4. Make sure you get a good real estate lawyer! They will make sure your land transfer tax is calculated correctly, any rebates you’re entitled to are applied, and they will run a title search on the previous ownership of the house. This is really important to make sure everything is good with the previous ownership!
  5. Consider buying appliances instead of renting (i.e. hot water tanks). It could be worthwhile to purchase outright in the beginning.
  6. Consider house hacking! Buy a property, rent out a room or your basement suite. However, ensure that your basement apartment is in compliance with municipal codes. For example, Brampton, Ontario has really strict guidelines on basement apartments.
  7. Understand what you can afford and budget for everything!

Listen Now!

Links

Tarion Warranty on new homes

Land transfer tax in Ontario

Mortgage Calculator(from Gov’t of Canada)

Basement apartment regulations – Toronto

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This week’s episode is all about buying your first home!! My friend Denise and I chat about buying a property. Denise is a home owner and has gone through the whole home buying process recently, so is full of up to date, handy information to share with us. In part 1 this week, we focus on mortgages, saving for a down payment, and also chat about different types of properties and how to budget for buying a place, as well as something you can use to help buy a home that feels illegal but isn’t.

Please tune in next week for part two where we cover getting a real estate agent, budgeting for home expenses and more.

Key Takeaways

  1. The first thing you should do when thinking about buying a property is establish what you can afford. Look around at the market, and the neighbourhoods you’d like to live in. Look at real estate websites to see what prices are like:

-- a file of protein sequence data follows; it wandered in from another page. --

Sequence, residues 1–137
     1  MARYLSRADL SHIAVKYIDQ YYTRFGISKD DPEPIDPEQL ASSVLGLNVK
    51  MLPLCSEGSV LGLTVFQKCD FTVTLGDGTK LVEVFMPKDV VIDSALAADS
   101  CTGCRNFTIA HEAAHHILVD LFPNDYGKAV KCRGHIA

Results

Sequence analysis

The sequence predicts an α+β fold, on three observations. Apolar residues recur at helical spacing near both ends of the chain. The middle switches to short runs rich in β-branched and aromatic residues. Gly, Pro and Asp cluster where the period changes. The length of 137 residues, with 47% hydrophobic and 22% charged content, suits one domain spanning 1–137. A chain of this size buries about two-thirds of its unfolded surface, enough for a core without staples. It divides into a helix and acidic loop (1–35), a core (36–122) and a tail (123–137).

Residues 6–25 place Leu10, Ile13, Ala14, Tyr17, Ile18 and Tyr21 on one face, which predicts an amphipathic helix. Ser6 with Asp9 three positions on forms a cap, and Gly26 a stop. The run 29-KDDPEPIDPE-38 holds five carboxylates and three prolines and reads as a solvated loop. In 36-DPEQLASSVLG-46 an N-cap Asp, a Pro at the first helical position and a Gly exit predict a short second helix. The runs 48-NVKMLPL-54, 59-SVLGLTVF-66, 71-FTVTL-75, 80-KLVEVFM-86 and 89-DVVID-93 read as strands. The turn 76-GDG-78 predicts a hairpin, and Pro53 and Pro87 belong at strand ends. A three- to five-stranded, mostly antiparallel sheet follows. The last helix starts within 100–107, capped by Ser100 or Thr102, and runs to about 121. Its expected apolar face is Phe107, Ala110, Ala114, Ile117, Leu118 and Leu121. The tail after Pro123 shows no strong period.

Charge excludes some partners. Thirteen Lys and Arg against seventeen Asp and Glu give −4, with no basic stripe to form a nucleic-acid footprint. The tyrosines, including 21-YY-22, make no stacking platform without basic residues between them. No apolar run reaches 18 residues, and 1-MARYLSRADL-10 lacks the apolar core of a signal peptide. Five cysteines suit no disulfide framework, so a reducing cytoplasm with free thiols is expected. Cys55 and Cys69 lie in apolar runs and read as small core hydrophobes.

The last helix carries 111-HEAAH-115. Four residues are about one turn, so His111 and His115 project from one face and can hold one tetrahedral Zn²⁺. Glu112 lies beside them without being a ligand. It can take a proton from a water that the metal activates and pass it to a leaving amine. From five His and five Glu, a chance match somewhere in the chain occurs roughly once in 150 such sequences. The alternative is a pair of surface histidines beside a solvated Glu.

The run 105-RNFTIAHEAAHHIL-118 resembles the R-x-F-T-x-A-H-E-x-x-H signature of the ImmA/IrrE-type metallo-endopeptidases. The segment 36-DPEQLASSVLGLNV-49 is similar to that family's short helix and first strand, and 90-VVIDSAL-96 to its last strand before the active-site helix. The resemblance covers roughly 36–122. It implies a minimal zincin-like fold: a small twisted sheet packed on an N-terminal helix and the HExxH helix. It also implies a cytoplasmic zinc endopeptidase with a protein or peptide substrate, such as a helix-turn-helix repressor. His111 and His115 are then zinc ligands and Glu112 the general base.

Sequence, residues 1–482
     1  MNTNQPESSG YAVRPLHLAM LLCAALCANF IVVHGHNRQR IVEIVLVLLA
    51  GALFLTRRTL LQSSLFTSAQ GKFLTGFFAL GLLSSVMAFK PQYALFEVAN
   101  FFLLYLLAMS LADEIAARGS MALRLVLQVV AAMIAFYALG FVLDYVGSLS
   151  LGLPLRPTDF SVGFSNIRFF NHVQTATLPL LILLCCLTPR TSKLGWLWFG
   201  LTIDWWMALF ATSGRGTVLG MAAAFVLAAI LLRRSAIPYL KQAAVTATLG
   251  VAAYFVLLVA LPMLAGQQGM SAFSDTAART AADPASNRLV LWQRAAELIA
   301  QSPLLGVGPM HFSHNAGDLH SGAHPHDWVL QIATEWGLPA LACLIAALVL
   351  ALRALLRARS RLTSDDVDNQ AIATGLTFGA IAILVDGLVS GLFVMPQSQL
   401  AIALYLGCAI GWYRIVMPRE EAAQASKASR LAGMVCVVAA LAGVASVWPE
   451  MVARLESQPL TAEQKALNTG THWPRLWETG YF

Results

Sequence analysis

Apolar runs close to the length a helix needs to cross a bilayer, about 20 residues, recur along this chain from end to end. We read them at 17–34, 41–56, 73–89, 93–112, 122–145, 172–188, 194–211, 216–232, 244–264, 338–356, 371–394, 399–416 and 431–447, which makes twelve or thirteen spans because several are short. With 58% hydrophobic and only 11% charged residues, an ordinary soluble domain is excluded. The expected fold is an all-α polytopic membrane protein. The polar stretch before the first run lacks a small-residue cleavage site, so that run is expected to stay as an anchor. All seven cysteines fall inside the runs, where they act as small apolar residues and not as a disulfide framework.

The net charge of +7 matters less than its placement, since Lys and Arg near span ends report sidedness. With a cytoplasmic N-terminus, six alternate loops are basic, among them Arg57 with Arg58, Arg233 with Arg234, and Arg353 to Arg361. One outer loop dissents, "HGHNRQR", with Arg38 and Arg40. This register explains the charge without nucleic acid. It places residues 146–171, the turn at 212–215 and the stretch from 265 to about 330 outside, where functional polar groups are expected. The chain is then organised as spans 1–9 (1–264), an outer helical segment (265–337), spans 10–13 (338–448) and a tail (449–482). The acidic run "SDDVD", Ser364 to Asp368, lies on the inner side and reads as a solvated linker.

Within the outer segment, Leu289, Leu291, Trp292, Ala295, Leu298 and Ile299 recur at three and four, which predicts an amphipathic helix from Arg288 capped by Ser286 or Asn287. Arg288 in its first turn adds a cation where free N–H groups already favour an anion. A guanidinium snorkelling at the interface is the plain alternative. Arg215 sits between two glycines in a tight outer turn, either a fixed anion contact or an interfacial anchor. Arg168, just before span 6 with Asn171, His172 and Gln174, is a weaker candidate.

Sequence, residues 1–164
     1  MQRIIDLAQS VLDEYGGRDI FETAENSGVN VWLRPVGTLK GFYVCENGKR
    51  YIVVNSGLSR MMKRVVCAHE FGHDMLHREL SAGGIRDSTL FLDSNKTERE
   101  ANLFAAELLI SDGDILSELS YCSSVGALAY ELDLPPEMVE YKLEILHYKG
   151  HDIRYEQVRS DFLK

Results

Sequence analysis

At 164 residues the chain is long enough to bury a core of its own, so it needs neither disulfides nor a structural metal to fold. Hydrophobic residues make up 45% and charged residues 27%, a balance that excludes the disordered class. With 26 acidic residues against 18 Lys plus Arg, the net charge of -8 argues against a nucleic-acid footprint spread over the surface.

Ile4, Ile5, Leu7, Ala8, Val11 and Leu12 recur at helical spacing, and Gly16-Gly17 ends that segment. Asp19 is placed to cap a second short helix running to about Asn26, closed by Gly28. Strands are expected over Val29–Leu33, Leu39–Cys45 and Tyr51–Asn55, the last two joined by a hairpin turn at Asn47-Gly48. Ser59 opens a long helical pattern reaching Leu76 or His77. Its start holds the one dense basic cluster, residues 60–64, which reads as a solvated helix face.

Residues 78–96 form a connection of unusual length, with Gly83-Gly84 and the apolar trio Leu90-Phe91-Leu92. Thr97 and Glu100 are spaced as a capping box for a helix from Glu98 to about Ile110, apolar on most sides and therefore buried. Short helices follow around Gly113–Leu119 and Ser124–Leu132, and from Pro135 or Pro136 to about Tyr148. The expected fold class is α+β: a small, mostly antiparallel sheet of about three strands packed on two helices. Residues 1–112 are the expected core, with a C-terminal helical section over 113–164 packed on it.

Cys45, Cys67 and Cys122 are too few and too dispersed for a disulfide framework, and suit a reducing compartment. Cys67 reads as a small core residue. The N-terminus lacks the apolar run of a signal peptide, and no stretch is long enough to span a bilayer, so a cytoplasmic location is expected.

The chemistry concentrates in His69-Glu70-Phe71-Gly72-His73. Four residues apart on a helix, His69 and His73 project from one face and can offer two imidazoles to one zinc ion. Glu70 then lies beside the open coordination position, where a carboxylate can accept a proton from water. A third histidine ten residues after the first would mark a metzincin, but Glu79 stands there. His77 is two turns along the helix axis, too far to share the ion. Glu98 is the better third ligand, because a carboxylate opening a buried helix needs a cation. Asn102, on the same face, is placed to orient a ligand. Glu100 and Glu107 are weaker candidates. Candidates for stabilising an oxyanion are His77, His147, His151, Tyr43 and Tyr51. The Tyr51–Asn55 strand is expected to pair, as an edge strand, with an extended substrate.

2. The different types of properties you can buy are: condo, townhouse, freehold townhouse, detached house, semi-detached house. Each have their pros and cons, for example with a detached house, you own this piece of land, but there is a lot of upkeep involved (i.e. snow shovelling, lawn mowing, etc.). It’s important for you to write down a pros and cons list and determine what is important to you.
  3. You can take up to $35,000 out of your RRSP, tax-free, if you’re a first time homebuyer to fund the purchase of your first home. This is called the Home Buyer’s Plan and is a great incentive. You have two years to wait until you have to start repaying this into your RRSP, and then you repay it back into your RRSP over 15 years. This is a super incentive because you get this tax-free money, and in the future you will still have this money for your retirement in the future.
  4. It’s important to talk to a lender to determine what you can afford when looking for a mortgage. There is a new mortgage stress test in place (more info in links section below), which makes it harder to get a mortgage. Things like a higher credit score, and gross debt ratio and total debt ratio
  5. Mortgage terms can depend on your situation, and the rates will be different depending on the length of the mortgage. Usually they’re five years, but this can differ.
  6. A 20% down payment is required to not need to pay mortgage insurance. For a property that costs less than $500,000, the minimum down payment is 5% (with mortgage insurance). For a property that costs more than $500,000, the minimum down payment is 5% on the first $500k and 10% on the excess to a limit of $1m.

Listen Now!

Links

CMHC Mortgage Loan Insurance and Premiums

Mortgage Affordability Calculator